A funny thing happened

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“I don’t know,” she said to the young male shop assistant who was offering to supersize her drink. “I don’t really want twice as much. I don’t think I would be able to drink that much.”

“Well,” said the young male assistant looking around to make sure no one could hear him. “I could help you finish it. I get off in a couple of minutes. If you wait just at the back door of the restaurant, I could …”

“Sure why not.”

“Serious? Really?” His face beamed, he had tried this line on a million girls, but it had never worked before. Wow, this was Jennifer McKay. He had often dreamed about her.

“You’ll be there right?” he wanted to be assured.


“Give me five minutes?”

“Yes, I’ll be there,”

Speechless, he handed Jennifer the supersized drink and walked to the office to sign off. “Please don’t be a dream, please don’t make me wake up, not yet. Please, God. Please let it happen. Let it happen.”

His heart was beating at 1000 miles an hour. In another 50 years, such a rate would cause a massive heart attack in his chest that it would kill him. On that day he will be implanted in between his wife’s legs heaving away. She will be almost asleep waiting for him to finish.

His heart will snap.

He reaches the back door of the restaurant. He takes a deep breath “Please God, please.” The door gives way easily and swings open. He exits and looks around in the splash of that single light bulb hanging above the door.

She is not there. He lets out a huge breath of air deflating not just his lungs but all his hopes and desires as well. At the bottom of the step is the supersized drink. Almost two-thirds are still left. Below the cup is a note. He lifts it up to the light. It is written in a pretty, feminine hand that draws hearts over the ‘i’ where the dot should be.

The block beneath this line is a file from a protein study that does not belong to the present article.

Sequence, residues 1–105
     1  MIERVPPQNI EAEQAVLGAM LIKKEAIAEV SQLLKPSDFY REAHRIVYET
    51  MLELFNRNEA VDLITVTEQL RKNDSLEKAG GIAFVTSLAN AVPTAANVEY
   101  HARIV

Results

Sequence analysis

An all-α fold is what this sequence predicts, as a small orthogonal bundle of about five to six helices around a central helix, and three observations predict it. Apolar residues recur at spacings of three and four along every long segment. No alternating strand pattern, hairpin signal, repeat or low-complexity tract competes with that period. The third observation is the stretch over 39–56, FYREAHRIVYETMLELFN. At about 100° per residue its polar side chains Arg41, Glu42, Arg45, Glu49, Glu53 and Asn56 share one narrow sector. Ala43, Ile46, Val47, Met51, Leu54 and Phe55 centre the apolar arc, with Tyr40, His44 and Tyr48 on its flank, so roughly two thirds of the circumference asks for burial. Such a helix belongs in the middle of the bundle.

“Here you go,” he reads, “I told you I couldn’t drink all of it. This is your bit. Have a great night.”

In 50 years’ time, he will be thinking about this night. This very night. What could have happened? What may have been? He looks down at his wife. It is not Jennifer McKay.

“You look funny” his wife will say.

“What?” he will say, not hearing her properly through his heavy breathing. “You think I’m funny?” His heart will be beating as strongly as it did tonight. And he is thinking of Jennifer.

“Your face, it looks funny.” says his wife a little louder. “It’s contorting like a …” And those are the last words he will ever hear.

Jennifer McKay puts the supersized drink on the step and places the note under it to keep it from blowing away. She plans to tell Emily about it tomorrow and they’ll both have a good laugh at how clever Jennifer has been.

Boys are boring to her. They’re all grunt and slobber; hands out of control, and heavy breathing. The boy behind the counter tonight was no exception.

She looks around and sees a red, souped-up Holden, driving slowly on the other side of the road. Three boys hang out like dogs with their tongues slobbering over the doors. “Hey, Jen what are you doing? Want a ride?”